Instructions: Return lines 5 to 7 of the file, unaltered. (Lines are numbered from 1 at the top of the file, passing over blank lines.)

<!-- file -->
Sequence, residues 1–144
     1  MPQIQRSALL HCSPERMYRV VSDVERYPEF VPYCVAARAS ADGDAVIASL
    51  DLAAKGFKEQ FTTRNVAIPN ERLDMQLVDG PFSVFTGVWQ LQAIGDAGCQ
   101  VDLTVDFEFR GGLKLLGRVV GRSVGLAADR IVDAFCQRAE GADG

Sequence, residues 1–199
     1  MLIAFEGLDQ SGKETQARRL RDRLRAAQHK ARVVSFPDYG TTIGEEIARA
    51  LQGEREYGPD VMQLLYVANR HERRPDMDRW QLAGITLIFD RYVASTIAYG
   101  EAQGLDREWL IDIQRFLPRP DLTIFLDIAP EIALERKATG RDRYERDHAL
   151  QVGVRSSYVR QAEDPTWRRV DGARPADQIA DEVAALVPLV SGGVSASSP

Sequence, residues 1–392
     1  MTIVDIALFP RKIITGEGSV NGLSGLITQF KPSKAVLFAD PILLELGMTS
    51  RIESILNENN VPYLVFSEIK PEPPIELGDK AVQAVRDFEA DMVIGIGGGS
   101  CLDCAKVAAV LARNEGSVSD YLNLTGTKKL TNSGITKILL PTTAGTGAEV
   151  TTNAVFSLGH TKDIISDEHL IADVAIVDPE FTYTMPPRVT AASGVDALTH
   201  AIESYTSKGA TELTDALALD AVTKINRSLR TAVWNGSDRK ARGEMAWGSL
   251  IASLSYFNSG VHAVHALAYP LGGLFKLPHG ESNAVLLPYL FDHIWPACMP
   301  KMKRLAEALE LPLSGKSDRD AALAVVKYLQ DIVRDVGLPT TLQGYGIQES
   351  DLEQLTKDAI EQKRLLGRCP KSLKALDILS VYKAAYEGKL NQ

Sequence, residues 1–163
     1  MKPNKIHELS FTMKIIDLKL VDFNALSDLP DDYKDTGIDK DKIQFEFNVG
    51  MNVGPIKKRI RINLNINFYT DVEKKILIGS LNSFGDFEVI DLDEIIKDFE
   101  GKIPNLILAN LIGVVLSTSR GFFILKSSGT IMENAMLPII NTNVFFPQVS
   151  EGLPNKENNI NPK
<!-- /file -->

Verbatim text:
Sequence, residues 1–199
     1  MLIAFEGLDQ SGKETQARRL RDRLRAAQHK ARVVSFPDYG TTIGEEIARA
    51  LQGEREYGPD VMQLLYVANR HERRPDMDRW QLAGITLIFD RYVASTIAYG